Tuesday, August 7, 2012

Um, want to come to my party?

[We interrupt birthdaypalooza to bring you this previously written post having nothing to do with anybody's birthday.]

It all started with a necklace.

Do you ever have one of those days where you're poking around on the Internet, and you click, and click, and click, and the next thing you know you've agreed to host a party for 25 people in your home?  No?  Well, be careful, because it can happen faster than you realize.

Somehow I ended up on the Healthy Child Healthy World website.  I think my landing there had something to do with Dr. Harvey Karp being one of their founding members, because I tend to like his work.  And this was probably on one of the days when I was longing to get out of the house a bit more (click, click, click), and figured, you know (click, click, click), that they'd probably like to have me on their staff, what with all of my relevant experience and everything.  (ha!)

So, then I decide that I deserve a present to myself and buy a necklace, because, it's for charity after all (a portion of the proceeds go to this organization).  But really I just bought it because I liked it.  The necklace reads, "No One Can Do Everything, Everyone Can Do Something".  That's pretty obviously a slogan meant to motivate us all to change the world.  I, however, bought it as a comforting reminder relating to:  housework, clutter, and tidyness.  That's right, I took an inspiring ideology and boiled it down to a hope that maybe my kids can one day pick up a few more armfuls of the crap they drag all over the house.  It's also a reminder to me to chill out, recognize that this is the stage of life we're in, lower my standards, and be happier for it.

But enough about the necklace, because (click, click, click) suddenly I've signed up for a free party kit and agreed to invite everyone over to get some swag and watch a DVD about creating healthy environments for our children by protecting them from all sorts of icky chemicals that no one seemed to have to worry about back in the 70's and 80's.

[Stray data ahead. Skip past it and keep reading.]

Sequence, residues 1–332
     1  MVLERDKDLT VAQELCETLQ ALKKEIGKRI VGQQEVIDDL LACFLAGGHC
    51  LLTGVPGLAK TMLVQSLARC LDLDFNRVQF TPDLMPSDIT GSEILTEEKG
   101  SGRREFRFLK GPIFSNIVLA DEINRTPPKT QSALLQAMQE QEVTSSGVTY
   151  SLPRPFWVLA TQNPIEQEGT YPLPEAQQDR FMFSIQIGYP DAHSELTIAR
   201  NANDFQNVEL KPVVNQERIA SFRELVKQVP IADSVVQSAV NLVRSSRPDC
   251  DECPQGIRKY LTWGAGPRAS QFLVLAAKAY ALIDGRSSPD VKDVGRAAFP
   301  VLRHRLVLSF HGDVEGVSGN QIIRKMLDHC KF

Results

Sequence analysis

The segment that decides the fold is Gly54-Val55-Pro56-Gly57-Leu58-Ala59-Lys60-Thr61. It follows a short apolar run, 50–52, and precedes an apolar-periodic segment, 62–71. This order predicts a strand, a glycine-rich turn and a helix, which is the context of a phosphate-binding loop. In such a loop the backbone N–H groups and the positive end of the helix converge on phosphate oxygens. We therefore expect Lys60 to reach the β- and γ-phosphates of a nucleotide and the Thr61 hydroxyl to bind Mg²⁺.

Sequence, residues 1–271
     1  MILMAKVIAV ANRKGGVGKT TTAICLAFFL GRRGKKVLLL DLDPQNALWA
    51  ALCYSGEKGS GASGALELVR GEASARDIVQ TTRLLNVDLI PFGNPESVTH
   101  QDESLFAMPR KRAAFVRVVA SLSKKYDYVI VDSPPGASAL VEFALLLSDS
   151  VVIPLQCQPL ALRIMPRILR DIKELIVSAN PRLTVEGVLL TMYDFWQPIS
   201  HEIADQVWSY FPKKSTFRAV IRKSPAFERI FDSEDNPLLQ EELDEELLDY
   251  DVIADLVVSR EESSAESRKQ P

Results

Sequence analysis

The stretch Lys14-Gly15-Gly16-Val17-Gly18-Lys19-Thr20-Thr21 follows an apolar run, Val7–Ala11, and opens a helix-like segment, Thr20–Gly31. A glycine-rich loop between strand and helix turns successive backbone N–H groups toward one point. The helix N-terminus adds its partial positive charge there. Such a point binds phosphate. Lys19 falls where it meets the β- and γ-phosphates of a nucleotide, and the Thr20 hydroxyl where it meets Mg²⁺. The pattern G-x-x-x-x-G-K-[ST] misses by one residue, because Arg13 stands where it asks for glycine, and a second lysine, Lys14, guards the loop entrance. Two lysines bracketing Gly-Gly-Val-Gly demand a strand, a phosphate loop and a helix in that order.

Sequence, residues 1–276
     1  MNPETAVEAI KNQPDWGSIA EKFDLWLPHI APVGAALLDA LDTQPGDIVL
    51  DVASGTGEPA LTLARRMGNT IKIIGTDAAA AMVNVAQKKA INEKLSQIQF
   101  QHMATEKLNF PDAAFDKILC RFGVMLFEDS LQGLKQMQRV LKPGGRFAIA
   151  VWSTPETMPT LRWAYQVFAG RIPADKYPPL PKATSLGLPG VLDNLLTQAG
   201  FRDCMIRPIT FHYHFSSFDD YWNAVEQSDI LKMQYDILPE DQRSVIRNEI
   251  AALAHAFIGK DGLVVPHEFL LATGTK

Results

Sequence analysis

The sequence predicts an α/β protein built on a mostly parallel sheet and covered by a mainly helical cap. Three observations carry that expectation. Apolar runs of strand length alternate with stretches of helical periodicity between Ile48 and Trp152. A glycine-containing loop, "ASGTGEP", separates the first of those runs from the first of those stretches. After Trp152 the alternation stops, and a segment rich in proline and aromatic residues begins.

That was weeks ago, I forgot about the whole thing, and then my party in a box arrived yesterday.

{Yes, this is just a picture of a box in a messy room, but I'm including it because it accidentally captures Georgia red-handed in one of her current favorite pastimes: dragging Waylon all over the place.}
I haven't opened it yet because I have no time to host a party anytime soon.  Also, I have no idea if this will be fun or if the DVD is total fear-mongering.  But please do let me know if you'd like an invite!  Some of you Chicagoans are going to be on the evite whether you want to be or not.  I figure it's a good excuse to get together.  I'm not so good at remembering to get together lately, so perhaps this gimmick is just the kick in the pants I needed.  I apologize, friends.  I'm working my way up to, "Let's grab drinks," without accompanying propoganda.


Beth said...

I love it! And I think that the "Dirty Girl Run" should definitely be followed by a "Clean Home Party"!!

Frances said...

Wish I could go to your party!

Sarah said...

Oh my gosh you are so funny. I wish I could come to your party! That website does look convincing and I'm sure they could use you to further develop their party ideas. Pretty soon you'll have your own co-op, and after that your own business... OR... lobbying firm :)
I'm guessing your party goers will be educated conscientious adults - Maybe you could air drop your box onto the streets of Chicago, similar to political campaigns in war-torn countries. Or maybe the educated conscientious adults will be inspired to do more. The slogan on the necklace is so true (for global warming and domestic cleaning). Can't wait for my invite!

Emily said...

If I come to your party will you do the work to figure out (a) which cleaners I should buy, (b) which toys I should buy, and (c) which foods I should not buy? And maybe when I undertake my next home improvement project you could consult on just how much I'm endangering my health? Because I generally find this stuff so overwhelming that I try to pretend it doesn't exist and refuse to read the scary California-state-required-toxin-warnings on products from the hardware store.